Overall the night was a success. Thanks to the handiwork of many who worked to setup, run and takedown the event, as well as the myriad of sponsors and donors of items to the silent auction, it was a true win-win for Barrel of Monkeys and all the students they teach, as well as those in attendance on Saturday evening.
If you don’t believe me, look for photos for yourself on our social media channels – Twitter, Facebook and Instagram. It was truly an outrageous night in Chicago – if you were there, thank you, and if you were not, as we say here in the Windy City… next year!
Posted by Amanda Farrar on March 26, 2015
The Monkey Minute
Three years ago, Barrel of Monkeys had the wonderful opportunity to offer our arts education program as part of Super 7, an after-school program for girls at Willa Cather Elementary created by singer-songwriter, composer, and record producer Janelle Monae. Barrel of Monkeys has been excited to continue this project with Super 7 for the past three years. A 12+ session program, as opposed to our typical 6 session program, the teams have been able to add new curricula and create impactful connections with the students. For the first two years, Zoe Schwartz was a teaching artist for this program, but was unable to continue her participation in year three due to other commitments. What follows is Zoe’s lament regarding missing the pleasure of working in the program this year.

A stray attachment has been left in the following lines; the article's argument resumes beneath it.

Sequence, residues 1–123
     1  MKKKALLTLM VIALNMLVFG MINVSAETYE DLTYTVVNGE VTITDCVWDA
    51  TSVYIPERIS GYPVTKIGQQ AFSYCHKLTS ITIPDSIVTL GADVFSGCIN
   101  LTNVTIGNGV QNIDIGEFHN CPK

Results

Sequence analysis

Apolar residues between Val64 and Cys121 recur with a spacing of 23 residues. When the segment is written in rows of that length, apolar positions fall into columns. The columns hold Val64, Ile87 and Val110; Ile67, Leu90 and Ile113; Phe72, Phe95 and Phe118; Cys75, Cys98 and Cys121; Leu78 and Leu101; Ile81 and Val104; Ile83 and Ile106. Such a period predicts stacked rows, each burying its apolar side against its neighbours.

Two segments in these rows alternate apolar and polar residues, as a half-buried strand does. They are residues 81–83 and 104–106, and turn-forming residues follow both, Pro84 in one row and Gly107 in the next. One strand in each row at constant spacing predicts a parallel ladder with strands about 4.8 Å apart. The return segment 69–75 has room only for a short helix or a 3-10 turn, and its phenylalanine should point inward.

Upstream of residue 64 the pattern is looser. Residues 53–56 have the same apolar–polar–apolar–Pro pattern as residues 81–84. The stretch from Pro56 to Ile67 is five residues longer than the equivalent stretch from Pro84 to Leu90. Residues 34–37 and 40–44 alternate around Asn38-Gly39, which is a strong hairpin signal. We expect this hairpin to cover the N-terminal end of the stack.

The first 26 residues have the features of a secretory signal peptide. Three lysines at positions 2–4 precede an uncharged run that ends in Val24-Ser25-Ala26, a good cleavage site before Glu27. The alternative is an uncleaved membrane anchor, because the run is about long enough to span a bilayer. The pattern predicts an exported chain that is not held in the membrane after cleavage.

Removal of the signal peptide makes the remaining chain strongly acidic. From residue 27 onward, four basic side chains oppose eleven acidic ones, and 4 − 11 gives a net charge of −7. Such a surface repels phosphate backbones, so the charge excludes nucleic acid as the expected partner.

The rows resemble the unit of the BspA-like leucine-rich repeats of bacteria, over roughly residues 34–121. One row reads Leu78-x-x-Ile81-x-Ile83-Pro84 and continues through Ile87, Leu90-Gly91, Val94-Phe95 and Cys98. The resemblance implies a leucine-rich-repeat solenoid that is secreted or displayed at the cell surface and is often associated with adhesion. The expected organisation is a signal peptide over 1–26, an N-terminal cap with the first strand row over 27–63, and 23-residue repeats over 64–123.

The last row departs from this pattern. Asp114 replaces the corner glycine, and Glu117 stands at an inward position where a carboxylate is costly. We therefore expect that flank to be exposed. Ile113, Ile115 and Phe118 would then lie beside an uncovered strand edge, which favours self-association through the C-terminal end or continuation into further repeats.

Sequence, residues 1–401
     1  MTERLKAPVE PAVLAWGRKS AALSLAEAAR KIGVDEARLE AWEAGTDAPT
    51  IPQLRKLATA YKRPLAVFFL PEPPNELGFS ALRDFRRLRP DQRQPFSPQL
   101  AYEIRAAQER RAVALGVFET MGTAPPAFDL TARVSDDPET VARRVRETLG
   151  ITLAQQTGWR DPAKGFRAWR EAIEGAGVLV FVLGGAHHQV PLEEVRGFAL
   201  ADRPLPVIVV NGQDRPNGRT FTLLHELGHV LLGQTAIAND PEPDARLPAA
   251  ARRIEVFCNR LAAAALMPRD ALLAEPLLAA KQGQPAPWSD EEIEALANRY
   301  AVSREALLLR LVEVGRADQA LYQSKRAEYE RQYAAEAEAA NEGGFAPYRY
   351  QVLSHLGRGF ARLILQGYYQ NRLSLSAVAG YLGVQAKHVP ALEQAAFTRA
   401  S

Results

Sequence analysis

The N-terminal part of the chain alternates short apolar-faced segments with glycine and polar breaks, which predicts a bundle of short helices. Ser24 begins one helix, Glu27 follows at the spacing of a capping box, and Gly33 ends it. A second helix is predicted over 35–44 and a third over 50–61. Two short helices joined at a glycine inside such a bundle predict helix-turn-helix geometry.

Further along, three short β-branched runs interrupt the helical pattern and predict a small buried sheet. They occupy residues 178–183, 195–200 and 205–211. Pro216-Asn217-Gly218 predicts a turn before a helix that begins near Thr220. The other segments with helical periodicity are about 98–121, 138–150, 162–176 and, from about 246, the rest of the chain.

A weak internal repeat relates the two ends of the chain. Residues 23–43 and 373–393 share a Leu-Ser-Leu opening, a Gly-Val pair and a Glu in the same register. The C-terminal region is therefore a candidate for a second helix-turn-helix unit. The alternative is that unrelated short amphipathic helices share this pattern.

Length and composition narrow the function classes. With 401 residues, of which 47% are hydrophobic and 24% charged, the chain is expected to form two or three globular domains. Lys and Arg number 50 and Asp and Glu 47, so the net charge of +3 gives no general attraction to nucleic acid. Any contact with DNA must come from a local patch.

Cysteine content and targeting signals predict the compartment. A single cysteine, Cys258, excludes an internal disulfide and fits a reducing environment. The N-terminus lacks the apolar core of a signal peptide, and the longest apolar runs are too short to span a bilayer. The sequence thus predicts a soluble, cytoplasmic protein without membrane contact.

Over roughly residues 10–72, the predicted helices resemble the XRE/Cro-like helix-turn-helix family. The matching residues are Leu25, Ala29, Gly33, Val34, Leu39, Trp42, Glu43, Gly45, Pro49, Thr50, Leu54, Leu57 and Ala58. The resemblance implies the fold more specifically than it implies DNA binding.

Want to support our school programs? An easy and fun way is to attend our fundraiser on Saturday, March 28! The Big Wedding: Everyone Get Married is a big celebration of this story and all the 6,000 stories that will be written this school year!
Zoe, I won’t Never Understand You: A letter to the Super 7 Girls
By Zoe Schwartz
Dear Super 7 Girls*,
I miss you. I miss you soooooo much. After teaching at your program for the last two years, it is weird to not be spending time with you. I remember our first year when there were 10 of you. Two girls for every teacher. It was kind of an amazing way to get to know you. We got to spend so much time hearing each of your stories and seeing your amazing voices develop over our residency. And some of those stories I will never forget: Pretty Skunks, Hello Kitty and the Dog, and that one time Fontayza wrote the line “Zoe, I won’t never understand you.” Me neither, Fontayza. Me neither.